Once entering the plain, what is most noticeably apparent is the absence of spinifex – sharp, skin piercing, unforgiving, step off the trail at your own risk – spinifex. Replaced instead with grass – soft, can touch it without cursing – grass. The spring wildflowers are far more prolific, in places like a garden.
I arrive at Rocky Gully camp – halfway across the plain – around 2pm. If feels too early to call it a day, I’m keen to continue, but mindful of the feet, I stay.
Continuing the next morning and nearing the other side of the plain, the Chewings Range begins to dominate the skyline, promising a tougher test ahead. There’s a brisk cool breeze blowing today, making for ideal walking conditions, with a mutual benefit of keeping the flies away. Feels so good to not have one hand constantly waving at your face like a vehicle windscreen wiper.
I reach Hugh Gorge campsite early afternoon, but based on the recommendation of others, I’d already decided to push on to Hugh Gorge Junction camp. I take the opportunity to top-up with water and tend to some new blisters. This point also marks the commencement of sections 5 and 4, the only sections on the Larapinta Trail rated as ‘very hard’.
The 3.5 klm’s to Hugh Gorge Junction is a tricky, but fun rock hop and scramble up the Hugh River. The river is mostly dry, with the occasional waterhole, both sides of the gorge dominated with massive cliffs. The cliffs are sparsely populated with ghost gums, defying logic sprouting from the bare rock often at bizarre angles. It’s one of the most spectacular gorges I’ve been in and a highlight of the trail.
My campsite is on the dry sandy riverbed, shaded by beautiful River Red Gums and almost completely surrounded by the gorge cliffs. A spectacular location where I got that real feeling of the outback. The ancient geography, serenity and isolation; a simple yet rugged beauty found nowhere else. After setting up the tent, I explore further up the gorge, where incredibly the gorge is even more impressive, a photographers dream. Cycads indicating a wetter time, long since passed.
As I look up at the cliffs with dusk fast approaching, the silence has an almost overwhelming presence. Especially emphasised here in the gorge, but noticeable virtually the length of the trail. No voices, vehicles – just a vast quietness. The interruption of birds by day and the howl of dingoes by night.
With my camp nestled in the gorge, the sun’s morning arrival is delayed. As a consequence, the freezing nights reign is extended for longer than I hoped, as today promises to be the toughest test on the trail thus far. When I traverse nearby Rocky Saddle and sight what will be my possible route over the range into Spencer Gorge, I can’t help but whistle in nervous anticipation.
What the day promised, it delivered. The steep climb to Razorback Ridge, from where I traverse a narrow rocky spine, in places only a couple of metres wide falling away on both sides, demanding constant concentration. Paramount views a reward, before a protracted sheer descent on loose rock and long rock hop through gullies and gorges to the river near Birthday Waterhole. The last few hundred metres trudging through sand along the riverbed a cruel finish, a final test for well weary legs and a reflection of the days efforts.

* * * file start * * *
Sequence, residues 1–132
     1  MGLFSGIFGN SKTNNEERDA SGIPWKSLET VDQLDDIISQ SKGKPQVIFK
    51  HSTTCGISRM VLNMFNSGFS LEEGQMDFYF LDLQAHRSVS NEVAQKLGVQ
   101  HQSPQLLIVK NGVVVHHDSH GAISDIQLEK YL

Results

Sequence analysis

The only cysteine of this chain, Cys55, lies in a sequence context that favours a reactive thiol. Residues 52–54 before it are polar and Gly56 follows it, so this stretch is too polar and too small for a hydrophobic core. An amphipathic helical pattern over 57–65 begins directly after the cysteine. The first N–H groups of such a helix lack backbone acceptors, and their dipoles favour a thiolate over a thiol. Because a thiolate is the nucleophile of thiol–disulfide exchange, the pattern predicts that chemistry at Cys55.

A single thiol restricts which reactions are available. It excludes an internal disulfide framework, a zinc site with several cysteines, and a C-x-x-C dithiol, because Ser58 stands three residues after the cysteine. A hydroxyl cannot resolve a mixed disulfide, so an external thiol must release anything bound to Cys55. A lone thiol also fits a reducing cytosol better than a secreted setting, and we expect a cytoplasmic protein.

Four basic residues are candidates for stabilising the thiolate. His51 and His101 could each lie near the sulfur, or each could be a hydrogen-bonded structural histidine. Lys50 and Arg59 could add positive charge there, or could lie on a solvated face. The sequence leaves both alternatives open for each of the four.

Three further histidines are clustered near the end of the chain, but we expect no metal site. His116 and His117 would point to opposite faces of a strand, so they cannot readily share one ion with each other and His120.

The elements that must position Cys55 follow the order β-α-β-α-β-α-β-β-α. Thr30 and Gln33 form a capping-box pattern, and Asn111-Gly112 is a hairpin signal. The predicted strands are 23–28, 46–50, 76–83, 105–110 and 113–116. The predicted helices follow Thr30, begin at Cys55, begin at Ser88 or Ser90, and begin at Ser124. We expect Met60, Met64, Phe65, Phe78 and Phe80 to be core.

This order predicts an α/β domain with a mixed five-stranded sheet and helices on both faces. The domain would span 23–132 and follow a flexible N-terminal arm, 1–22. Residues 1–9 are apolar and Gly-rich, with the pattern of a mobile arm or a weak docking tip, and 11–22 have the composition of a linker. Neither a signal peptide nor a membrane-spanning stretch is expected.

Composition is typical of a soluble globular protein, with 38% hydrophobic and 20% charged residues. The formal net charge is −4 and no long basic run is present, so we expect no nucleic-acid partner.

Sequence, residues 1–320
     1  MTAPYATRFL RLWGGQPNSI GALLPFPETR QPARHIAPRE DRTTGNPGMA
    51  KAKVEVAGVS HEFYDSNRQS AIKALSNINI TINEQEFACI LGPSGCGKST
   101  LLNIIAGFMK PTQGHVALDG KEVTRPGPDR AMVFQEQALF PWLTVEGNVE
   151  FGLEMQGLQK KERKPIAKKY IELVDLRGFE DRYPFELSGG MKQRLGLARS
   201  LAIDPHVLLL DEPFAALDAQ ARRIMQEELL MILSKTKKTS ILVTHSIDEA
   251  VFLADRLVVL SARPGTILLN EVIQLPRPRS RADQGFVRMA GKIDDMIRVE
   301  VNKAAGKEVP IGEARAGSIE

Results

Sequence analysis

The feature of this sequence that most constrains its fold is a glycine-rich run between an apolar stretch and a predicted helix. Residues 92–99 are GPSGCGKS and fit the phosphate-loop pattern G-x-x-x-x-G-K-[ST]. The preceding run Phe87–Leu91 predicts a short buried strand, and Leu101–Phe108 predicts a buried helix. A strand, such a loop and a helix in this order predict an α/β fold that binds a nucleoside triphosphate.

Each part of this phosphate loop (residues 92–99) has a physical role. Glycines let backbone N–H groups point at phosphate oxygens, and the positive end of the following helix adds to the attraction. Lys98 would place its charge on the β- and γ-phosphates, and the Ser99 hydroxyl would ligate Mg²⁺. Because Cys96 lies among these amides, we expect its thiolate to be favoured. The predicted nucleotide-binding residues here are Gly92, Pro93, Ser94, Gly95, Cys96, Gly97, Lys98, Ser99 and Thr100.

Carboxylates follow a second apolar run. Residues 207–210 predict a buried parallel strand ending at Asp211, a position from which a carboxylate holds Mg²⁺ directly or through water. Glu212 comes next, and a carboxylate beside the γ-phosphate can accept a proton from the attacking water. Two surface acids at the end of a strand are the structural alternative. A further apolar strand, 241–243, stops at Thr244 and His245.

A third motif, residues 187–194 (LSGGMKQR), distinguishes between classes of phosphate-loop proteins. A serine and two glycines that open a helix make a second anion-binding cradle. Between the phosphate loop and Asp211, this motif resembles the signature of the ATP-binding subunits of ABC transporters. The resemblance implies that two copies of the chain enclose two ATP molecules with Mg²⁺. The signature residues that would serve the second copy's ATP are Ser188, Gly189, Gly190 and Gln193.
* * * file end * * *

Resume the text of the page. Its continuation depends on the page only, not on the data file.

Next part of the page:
The first few nights on the trail, I took advantage of the warmer nights and slept without the tent fly, looking straight up at the night sky. Surrounded by stars, just breathtaking. I’m grateful of this earlier opportunity, as the nights have become cooler – some downright cold – and the moon brighter. Stars aside, for the first time I’ve taken notice of the moon’s cycle.
I awake knowing today is only 7.7 klm’s and the first 5 klm’s probably the easiest of the trail. However as I round a bend in the trail, the remaining nearly 3 klm’s makes its imposing appearance – Brinkleys Bluff!
Rising abruptly 500m from the surrounding landscape to its 1209m summit. It’s demanding presence and the thought of climbing to the summit has an almost immediate effect, the pack feels heavier – which it is with extra water – the legs buckle and the midday heat intensifies.
Before even reaching the first saddle, the views are already impressive. The real test begins from the second saddle, a long slog up a zigzag path cleverly cut into its precipitous face. Over two hours after leaving the river far below, the torture ends as I touch the impressive rock cairn that marks the summit.
I stand seemingly on top of the world, spectacular 360 degree views, for a distance that is difficult to comprehend. I pitch my tent, weighed down with rocks thwarting the gusting winds that will arrive in the night and their attempt to send it skyward.